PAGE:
‘What are you fighting against?’
We were all sitting around our professor, on the floor, on drawing horses, or on tackle boxes filled with art supplies. We were in a darkened university drawing studio. A few minutes before, he had sent the model out for a break and beckoned us to join him for some philosophical reflection. This was a regular part of being his student; and it was an aspect of his teaching that most of us appreciated.
But, no one ventured a reply to his question. He had a fine intellect; one of the best I’ve encountered. It was easy to feel intimidated when speaking with him. Sometimes those who answered before he made clear where he wanted to go with his thoughts hit embarrassingly far from the mark.
‘What makes you angry?’
A twenty year-old man sputtered and launched into a litany of complaints about society’s prejudices, the irrelevance of art, and the stupidity of . . .
‘Yes!’ declared my mentor. ‘See! He has a purpose. Do each of you have a purpose?’ He smiled broadly at the man who was still making his oft-repeated remarks and motioned gently with a hand for him to be quiet. The student lowered the volume of his rant, lowered it a bit more, and then stopped talking altogether.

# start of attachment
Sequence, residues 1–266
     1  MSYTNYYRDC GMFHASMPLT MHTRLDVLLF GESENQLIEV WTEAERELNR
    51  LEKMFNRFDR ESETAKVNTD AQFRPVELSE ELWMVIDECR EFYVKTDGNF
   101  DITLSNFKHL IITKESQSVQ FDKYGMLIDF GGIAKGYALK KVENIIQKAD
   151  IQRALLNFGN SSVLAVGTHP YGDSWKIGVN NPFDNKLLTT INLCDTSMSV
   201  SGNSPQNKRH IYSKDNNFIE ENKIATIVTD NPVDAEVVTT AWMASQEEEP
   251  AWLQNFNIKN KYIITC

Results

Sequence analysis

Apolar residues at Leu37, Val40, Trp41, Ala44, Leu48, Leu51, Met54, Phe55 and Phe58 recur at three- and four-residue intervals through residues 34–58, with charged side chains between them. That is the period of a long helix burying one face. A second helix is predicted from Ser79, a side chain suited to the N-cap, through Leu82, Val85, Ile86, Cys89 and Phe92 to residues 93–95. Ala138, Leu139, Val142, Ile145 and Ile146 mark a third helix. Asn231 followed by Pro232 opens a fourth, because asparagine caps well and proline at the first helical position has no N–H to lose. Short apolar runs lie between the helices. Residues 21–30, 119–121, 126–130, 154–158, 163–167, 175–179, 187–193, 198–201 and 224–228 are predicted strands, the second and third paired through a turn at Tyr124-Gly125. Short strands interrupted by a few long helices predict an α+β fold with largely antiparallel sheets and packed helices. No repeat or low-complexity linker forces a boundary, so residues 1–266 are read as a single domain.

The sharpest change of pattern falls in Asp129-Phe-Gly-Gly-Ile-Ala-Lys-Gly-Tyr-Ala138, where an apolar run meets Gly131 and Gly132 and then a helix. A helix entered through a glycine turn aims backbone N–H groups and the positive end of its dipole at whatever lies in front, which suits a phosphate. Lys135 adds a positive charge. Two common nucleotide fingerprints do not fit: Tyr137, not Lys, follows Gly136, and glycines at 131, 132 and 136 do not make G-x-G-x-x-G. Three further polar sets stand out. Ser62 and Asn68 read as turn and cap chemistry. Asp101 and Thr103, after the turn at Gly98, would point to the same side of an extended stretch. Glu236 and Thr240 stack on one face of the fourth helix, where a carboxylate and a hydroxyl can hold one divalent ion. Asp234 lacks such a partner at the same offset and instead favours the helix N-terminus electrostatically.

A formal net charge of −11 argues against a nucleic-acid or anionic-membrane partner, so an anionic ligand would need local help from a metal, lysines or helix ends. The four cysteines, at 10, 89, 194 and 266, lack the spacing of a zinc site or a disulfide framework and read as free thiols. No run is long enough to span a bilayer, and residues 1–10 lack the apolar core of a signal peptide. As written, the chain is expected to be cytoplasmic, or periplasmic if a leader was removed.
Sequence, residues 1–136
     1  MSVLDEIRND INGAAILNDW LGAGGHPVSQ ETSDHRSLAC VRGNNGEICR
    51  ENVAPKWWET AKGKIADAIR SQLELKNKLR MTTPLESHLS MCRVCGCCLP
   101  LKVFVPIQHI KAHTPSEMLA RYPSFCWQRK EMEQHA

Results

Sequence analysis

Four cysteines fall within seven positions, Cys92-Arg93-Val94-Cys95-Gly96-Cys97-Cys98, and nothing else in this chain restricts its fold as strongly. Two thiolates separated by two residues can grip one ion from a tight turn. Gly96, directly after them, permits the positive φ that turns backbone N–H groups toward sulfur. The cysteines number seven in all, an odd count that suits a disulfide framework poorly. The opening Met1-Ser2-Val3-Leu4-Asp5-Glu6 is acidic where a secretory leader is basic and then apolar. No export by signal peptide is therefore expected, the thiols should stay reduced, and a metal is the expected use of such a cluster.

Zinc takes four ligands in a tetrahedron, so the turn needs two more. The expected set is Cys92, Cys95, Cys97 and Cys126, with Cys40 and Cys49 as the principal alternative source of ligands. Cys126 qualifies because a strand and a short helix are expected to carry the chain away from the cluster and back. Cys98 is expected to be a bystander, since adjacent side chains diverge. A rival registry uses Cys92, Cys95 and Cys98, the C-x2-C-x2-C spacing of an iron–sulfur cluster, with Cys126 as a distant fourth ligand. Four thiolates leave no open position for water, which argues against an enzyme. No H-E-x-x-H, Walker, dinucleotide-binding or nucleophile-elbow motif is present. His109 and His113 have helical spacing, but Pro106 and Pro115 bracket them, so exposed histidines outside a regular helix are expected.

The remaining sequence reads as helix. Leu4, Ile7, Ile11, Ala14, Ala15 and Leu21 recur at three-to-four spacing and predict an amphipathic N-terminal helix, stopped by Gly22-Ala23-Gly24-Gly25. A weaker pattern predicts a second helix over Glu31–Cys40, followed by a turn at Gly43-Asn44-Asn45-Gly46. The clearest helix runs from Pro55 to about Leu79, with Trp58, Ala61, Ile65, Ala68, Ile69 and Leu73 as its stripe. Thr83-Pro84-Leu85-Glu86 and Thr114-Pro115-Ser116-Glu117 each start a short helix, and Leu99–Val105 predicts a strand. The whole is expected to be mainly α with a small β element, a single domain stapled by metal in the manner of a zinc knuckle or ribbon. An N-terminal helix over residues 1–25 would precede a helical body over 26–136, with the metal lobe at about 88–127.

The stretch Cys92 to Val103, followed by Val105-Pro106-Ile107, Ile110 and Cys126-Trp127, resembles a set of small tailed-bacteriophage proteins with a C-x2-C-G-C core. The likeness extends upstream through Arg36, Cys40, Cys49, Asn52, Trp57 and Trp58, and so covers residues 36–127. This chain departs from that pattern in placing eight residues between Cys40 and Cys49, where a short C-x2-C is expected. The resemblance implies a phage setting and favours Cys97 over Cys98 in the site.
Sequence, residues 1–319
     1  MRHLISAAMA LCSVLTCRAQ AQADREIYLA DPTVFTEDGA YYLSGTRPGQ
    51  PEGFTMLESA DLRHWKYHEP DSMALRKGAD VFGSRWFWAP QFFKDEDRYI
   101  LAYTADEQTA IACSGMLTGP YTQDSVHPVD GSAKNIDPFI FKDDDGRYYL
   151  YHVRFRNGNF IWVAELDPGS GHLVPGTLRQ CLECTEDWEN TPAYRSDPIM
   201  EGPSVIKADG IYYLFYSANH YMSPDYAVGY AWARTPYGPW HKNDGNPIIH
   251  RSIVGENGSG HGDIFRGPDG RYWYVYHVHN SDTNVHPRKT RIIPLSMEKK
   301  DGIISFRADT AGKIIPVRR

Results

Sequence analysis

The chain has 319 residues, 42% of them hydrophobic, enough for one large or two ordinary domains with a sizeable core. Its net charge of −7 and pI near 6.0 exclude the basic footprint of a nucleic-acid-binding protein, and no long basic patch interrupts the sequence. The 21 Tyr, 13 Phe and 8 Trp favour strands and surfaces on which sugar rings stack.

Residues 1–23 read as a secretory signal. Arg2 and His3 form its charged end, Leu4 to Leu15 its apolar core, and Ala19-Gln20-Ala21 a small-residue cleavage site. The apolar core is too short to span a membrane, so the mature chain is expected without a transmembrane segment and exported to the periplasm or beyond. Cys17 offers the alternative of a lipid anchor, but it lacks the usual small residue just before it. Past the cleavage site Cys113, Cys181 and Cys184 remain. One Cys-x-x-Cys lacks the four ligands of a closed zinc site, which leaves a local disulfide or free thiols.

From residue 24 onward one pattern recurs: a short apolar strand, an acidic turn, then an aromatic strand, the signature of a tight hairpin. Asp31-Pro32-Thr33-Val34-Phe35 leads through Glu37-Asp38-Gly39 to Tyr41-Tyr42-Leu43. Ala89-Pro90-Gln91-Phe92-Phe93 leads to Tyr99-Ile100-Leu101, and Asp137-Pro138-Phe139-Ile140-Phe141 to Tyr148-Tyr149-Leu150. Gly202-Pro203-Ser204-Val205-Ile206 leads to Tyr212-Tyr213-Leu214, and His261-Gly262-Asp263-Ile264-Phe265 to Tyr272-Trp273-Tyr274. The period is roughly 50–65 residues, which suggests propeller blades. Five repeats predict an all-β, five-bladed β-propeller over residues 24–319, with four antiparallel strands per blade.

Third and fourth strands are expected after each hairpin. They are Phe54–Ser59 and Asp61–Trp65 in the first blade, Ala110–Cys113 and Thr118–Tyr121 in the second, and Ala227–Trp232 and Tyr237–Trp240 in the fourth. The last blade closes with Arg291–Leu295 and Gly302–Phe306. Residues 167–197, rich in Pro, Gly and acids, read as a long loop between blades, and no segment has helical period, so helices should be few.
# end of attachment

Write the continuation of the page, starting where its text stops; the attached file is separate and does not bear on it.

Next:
Another young man shifted in his seat and made clear he wanted to speak. Our professor nodded to him.
‘I don’t think art is about being against anything. Being against things is a waste of time and energy. You need to be for something. That is what I am about — not anger, not discontent — I am for something better.’
‘Aha,’ our professor nodded and smiled (though wearily). ‘For something better. That means, does it not, that there is dissatisfaction with something — the thing upon which you are attempting to improve, or replace?’
The student’s brow furrowed and he nodded slightly.
‘The only way any of us can become something is to push away from something else. The only way we can make our voice heard is to make it rise over and apart from the murmur of the crowd — or worse — the indifferent silence. Any life worth living is a temper tantrum. If it is also to be a life lived effectively, it needs to be shaped by principles and discipline. Just as a rocket can only propel itself upward by pushing away from the earth, no artist — no one — can create themselves and make something beautiful without deciding what they do not want to be, in order to use that as the measure of what difference they need to build up in their life and work.’
‘But, Professor,’ said the first man, ‘I would rather create by loving instead of hating.’
‘Yes,’ he nodded again. ‘There is an aspect of your character. It will shape your life and work. It is the way you choose to fight — with a fierce and gentle spirit. But do not miss the point . . . that you are fighting.’